Another good winter bird to look out for and one that is guaranteed right now is the turnstone. They are common around the rocky shores of Crail and particularly between here and Fife Ness. Somewhat inconspicuous, their behaviour of flipping over seaweed (and turning stones of course) draws attention. They are another hardy, flexible species recorded eating almost everything that turns up on the shore (including dead seals!). Turnstones like most waders live a long time and return to exactly the same bit of rocky shore each winter: any turnstone you see is a lifelong Crailer.

A Crail turnstone

A Crail turnstone

Posted October 27, 2016 by aboutcrail in Sightings

October23rd   Leave a comment

I have been away in Senegal visiting the Sahel and refamiliarising myself with a lot of birds that I can now longer see because of the current trouble in northern Nigeria. It was a pleasure to see chiff-chaff, common redstart, nightingale, tawny pipit, yellow wagtail, pied flycatcher, spotted flycatcher and a host of other migrants in the hot acacia woodland, either there already for the winter or staging through on their way to the savannah further south. And of course the waders – Senegal has a lot of wetlands – and every pool has 20 or so wader species, with most of them being European migrants. The unexpected highlight though was the sea watching. Five species of skua with hundreds passing every day to really help you get your eye in. I realise I have been too conservative in my identification of pomarine skuas in the past: many of my possible Crail pomarine skuas, seen at a distance, were probably definite. The terns were great too – common, arctic, sandwich, roseate, little and black, but amongst royal, lesser crested, white winged and Caspian so each one needed careful scrutiny. Like the pomarine skuas, seeing over 500 black terns passing at sea in the last week under all light conditions should allow me to pick up them more regularly when they pass Crail far out. There were one or two more familiar juvenile gannets as well, but looking a long way from home. They will all have been born around the UK or the North Sea, but some had made it all the way down already. It’s hard to avoid the connectivity between Scotland and Africa. Perhaps the most poignant reminder: a common redstart two weeks ago at Kilminning, and then one last Wednesday flying in to attempt to land on our small boat 21 km out from Dakar. I hope it made its relatively few final last kilometres to the African mainland.

Goldcrest

Goldcrest

I did a quick tour of the fields behind Crail and Kilminning this morning to get my eye back in to Crail. Despite some easterlies and rain showers it was quite quiet. Some chiff-chaffs and a blackcap among the goldcrests and a flock of four barnacle geese flying over. The theme of it being fairly quiet the last couple of weeks continues. Nothing turned up that would have been new to my year list: I have got away lightly being away from Crail in peak rare migration time. The season is not yet over yet and I have a feeling something very good is just around the corner. I just hope it turns up before I return to Africa in a couple of weeks following the migrants again.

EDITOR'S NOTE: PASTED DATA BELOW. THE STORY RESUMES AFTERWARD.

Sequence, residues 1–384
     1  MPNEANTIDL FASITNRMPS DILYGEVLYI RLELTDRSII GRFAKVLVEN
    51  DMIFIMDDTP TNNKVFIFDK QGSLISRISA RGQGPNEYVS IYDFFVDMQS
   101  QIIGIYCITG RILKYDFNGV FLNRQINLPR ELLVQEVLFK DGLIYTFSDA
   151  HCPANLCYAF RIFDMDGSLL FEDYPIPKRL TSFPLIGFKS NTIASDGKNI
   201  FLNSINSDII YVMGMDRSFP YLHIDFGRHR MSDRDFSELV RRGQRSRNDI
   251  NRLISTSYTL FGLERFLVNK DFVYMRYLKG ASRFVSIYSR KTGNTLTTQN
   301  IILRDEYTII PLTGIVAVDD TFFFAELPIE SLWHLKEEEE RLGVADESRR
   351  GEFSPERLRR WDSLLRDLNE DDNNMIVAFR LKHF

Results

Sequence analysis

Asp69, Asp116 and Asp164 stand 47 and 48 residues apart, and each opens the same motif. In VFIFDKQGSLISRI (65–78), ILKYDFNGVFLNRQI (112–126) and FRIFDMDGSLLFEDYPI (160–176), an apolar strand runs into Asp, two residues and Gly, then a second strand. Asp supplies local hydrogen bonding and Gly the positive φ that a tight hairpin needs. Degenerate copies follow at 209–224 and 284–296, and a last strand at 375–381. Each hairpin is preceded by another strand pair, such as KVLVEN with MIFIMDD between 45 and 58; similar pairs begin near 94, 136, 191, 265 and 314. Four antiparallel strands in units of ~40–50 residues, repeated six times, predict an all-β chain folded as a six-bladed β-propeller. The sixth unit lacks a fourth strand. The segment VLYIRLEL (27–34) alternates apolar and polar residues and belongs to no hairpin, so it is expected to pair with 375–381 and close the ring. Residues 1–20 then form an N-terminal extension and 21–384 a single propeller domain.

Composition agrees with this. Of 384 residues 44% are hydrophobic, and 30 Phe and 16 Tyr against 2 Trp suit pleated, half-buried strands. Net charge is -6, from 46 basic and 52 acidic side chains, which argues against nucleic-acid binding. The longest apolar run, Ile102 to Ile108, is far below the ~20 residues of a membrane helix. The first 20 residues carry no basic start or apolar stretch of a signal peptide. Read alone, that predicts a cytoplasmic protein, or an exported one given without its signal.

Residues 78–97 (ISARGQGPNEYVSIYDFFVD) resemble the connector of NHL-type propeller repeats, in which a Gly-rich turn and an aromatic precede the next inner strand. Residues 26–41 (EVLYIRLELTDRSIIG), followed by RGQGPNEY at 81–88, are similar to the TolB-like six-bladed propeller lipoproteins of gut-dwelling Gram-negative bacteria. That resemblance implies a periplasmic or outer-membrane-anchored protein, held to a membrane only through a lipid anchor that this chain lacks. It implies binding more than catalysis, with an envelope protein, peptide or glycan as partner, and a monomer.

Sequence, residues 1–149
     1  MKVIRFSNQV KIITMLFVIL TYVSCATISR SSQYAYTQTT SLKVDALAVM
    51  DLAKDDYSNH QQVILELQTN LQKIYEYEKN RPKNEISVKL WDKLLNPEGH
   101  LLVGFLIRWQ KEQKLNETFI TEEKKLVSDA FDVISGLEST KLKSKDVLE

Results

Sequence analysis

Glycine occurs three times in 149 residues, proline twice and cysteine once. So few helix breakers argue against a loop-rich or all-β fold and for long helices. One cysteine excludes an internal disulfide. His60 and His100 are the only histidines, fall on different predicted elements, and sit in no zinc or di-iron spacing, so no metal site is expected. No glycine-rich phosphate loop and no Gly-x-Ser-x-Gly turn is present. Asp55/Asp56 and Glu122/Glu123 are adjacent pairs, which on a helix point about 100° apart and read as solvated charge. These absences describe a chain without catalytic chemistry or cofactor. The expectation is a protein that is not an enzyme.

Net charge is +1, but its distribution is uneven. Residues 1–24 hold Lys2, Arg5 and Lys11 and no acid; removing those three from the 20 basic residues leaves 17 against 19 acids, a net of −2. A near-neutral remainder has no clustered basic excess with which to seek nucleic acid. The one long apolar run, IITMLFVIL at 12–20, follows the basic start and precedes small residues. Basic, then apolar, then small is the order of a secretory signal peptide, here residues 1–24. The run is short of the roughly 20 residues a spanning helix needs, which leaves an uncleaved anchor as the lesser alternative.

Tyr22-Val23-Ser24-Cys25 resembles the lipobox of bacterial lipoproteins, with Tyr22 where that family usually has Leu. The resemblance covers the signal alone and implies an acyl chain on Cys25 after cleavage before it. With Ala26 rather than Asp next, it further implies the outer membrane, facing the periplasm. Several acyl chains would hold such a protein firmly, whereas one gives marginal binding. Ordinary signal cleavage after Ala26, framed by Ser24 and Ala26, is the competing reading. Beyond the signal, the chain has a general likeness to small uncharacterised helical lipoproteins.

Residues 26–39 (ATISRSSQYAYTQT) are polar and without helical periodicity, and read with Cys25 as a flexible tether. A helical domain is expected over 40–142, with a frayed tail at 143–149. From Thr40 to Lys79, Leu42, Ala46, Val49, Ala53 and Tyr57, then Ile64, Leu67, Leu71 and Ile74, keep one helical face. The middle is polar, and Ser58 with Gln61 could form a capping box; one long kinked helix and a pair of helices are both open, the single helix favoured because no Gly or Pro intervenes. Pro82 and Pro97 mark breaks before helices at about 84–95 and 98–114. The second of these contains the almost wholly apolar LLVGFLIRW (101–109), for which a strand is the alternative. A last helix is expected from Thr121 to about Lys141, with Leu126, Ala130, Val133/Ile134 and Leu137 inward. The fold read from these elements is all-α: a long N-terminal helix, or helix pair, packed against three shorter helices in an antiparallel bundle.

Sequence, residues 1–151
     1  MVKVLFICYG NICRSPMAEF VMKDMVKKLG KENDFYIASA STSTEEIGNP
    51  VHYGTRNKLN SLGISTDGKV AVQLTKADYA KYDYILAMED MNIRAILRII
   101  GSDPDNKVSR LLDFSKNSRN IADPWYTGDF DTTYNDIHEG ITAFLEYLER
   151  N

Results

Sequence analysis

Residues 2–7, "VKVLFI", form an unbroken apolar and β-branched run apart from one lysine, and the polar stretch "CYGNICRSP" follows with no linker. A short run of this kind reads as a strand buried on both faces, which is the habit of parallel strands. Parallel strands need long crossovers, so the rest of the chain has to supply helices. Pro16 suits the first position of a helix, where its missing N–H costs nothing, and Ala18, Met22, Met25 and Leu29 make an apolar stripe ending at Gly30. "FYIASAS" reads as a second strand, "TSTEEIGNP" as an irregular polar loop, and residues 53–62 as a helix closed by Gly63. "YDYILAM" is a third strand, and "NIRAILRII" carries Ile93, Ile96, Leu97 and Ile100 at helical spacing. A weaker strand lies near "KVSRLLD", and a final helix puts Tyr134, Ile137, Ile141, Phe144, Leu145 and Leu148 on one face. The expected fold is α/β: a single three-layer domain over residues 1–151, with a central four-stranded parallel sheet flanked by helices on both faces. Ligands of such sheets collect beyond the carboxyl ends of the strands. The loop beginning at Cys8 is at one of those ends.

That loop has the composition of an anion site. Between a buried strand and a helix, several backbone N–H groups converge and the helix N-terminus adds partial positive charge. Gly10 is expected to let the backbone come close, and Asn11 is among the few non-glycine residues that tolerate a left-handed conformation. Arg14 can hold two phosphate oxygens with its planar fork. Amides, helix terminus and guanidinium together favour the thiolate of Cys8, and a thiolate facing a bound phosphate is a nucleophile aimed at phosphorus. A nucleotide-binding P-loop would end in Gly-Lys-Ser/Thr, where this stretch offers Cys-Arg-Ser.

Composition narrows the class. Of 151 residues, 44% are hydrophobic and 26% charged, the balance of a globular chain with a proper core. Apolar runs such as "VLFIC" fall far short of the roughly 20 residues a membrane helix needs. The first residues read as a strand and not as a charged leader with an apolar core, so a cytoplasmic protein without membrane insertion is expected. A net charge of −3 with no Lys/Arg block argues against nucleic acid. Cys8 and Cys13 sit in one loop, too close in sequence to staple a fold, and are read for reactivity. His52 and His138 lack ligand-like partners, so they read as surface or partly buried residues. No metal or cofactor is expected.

Posted October 23, 2016 by aboutcrail in Sightings

October 10th   Leave a comment

There was a female goosander close in at Roome Bay this afternoon. It was swimming among the rocks at the tideline, with its head mostly underwater looking for fish. They look more like sea-serpents than ducks sometimes.

A goosander looking for fish - they swim along with their heads under the water for long periods before they dive

A goosander looking for fish – they swim along with their heads under the water for long periods before they dive

Posted October 10, 2016 by aboutcrail in Sightings

October 9th   Leave a comment

I spent a couple of hours in the Patch at Fife Ness this morning. I managed to find a lesser whitethroat and a pied flycatcher, both of which had been reported yesterday. It was instructive as usual to spend a long time looking for them and only to see the pied flycatcher after about an hour. You really have to work an area to see what is there when the leaves are still mostly on the trees, and then you probably don’t see the half of it. But again there was plenty to look at today: goldcrests everywhere, several chiff-chaffs and blackcaps, and a flock of noisy tree sparrows zooming overhead in the usual autumn indecision about what to do the fact that they have dispersed as far as they can in Fife without a sea crossing. There was no sense that more birds had come in overnight: nothing more than yesterday was reported and there were a lot of birders out looking today. I spent the afternoon enjoying the restless pair of robins in my back garden and their epic singing battle to keep the status quo in the face of all the incomers. It seems such a civilised way to resolve differences, although I shouldn’t think the robins think about it that way.

A Robin - lots of migrants upsetting the residents at the moment

A Robin – lots of migrants upsetting the residents at the moment

Posted October 10, 2016 by aboutcrail in Sightings